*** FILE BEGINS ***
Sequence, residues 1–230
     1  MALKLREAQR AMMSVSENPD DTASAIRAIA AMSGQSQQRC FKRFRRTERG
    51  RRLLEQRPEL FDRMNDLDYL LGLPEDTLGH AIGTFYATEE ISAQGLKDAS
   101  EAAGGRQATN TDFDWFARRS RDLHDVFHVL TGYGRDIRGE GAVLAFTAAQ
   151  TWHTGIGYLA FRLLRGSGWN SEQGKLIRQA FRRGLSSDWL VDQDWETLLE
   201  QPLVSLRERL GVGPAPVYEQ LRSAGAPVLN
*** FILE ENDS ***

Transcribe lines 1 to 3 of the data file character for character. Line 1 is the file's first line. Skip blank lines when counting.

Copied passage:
Sequence, residues 1–230
     1  MALKLREAQR AMMSVSENPD DTASAIRAIA AMSGQSQQRC FKRFRRTERG
    51  RRLLEQRPEL FDRMNDLDYL LGLPEDTLGH AIGTFYATEE ISAQGLKDAS